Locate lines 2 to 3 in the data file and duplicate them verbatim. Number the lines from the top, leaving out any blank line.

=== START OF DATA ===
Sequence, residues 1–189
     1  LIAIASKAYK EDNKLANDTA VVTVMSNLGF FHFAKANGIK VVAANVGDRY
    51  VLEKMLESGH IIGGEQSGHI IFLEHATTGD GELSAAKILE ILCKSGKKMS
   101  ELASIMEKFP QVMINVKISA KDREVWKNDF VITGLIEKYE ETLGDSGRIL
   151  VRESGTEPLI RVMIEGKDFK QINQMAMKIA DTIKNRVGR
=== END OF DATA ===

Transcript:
     1  LIAIASKAYK EDNKLANDTA VVTVMSNLGF FHFAKANGIK VVAANVGDRY
    51  VLEKMLESGH IIGGEQSGHI IFLEHATTGD GELSAAKILE ILCKSGKKMS